The Basics of Geology and Natural Landscapes
Sunset Lake, the second deepest lake in Portage County, is a kettle lake. Kettle lakes are formed when enormous glaciers begin to melt and crumble. Large chunks of ice tumble off and are then buried beneath sand and gravel debris. As the buried ice melts, it leaves behind deep depressions, or kettles. This kettle lake is home to bluegill, crappie, and large mouth bass.
Blocks of ice from glaciers that were present 10,000 years ago melt and form kettle lakes.
Learn More: National Snow and Ice Data Cente
Both Minister and Sunset Lake are seepage lakes that are filled with precipitation, runoff, and groundwater. They are then drained by groundwater.
As water temperatures in Sunset Lake begin to drop during fall, some drastic changes occur. These changes all have to do with water density. Water has the strange property of being the least dense (lightest) when it is frozen. This is why ice floats in our drinks. Any warmer than 32 degrees and water becomes more dense (heavier) until it hits 39 degrees. At 39 degrees water is as dense as it can be, any warmer or cooler and it becomes less dense. This plays an important role in our lakes and creates a process called turnover.
Turnover occurs in lakes in both fall and spring, and is basically the upper and lower layers of water in a lake mixing together. In summer, Sunset Lake is organized by bands of water that are seperated by temperature. This is called thermal stratification. The top band is called the epilimnion and is a warm layer often moved by wind. The water in this band is all the same temperature. The middle band is called the thermocline and holds water whose temperature varies with depth. The thermocline is an invisible wall which keeps the bands of water above and below it from mixing. The bottom band is called the hypolimnion and holds cool, stagnant water which is all the same temperature. Sunset Lake seperates into these bands because its water is different temperatures and therefore different densities.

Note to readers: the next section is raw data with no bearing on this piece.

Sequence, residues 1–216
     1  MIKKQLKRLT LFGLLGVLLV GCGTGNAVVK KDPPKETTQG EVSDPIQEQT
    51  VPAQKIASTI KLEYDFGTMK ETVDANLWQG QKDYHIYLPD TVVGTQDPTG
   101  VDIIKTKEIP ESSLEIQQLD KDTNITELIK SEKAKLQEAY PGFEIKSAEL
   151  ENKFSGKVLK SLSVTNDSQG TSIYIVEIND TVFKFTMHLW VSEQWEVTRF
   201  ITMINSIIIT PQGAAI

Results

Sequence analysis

In fall, the epilimnion (top band) cools and its temperatures become like those of the hypolimnion (bottom band). Once the two bands of water have similar temperatures and densities, the thermocline (middle band) disappears and wind is able to mix all the water together. This mixing is important because it adds oxygen to the deeper water, in which many creatures will need to spend the winter.
In winter, the water seperates into layers again, this time with cooler water in the epilimnion (top layer) and warmer water in the hypolimnion (bottom layer). When the ice melts in spring and warms up to 39 degrees, the water will again be able to mix and spring turnover will occur.
The dark blue lines in the diagram below represent the thermocline.
Learn more: Water on the Web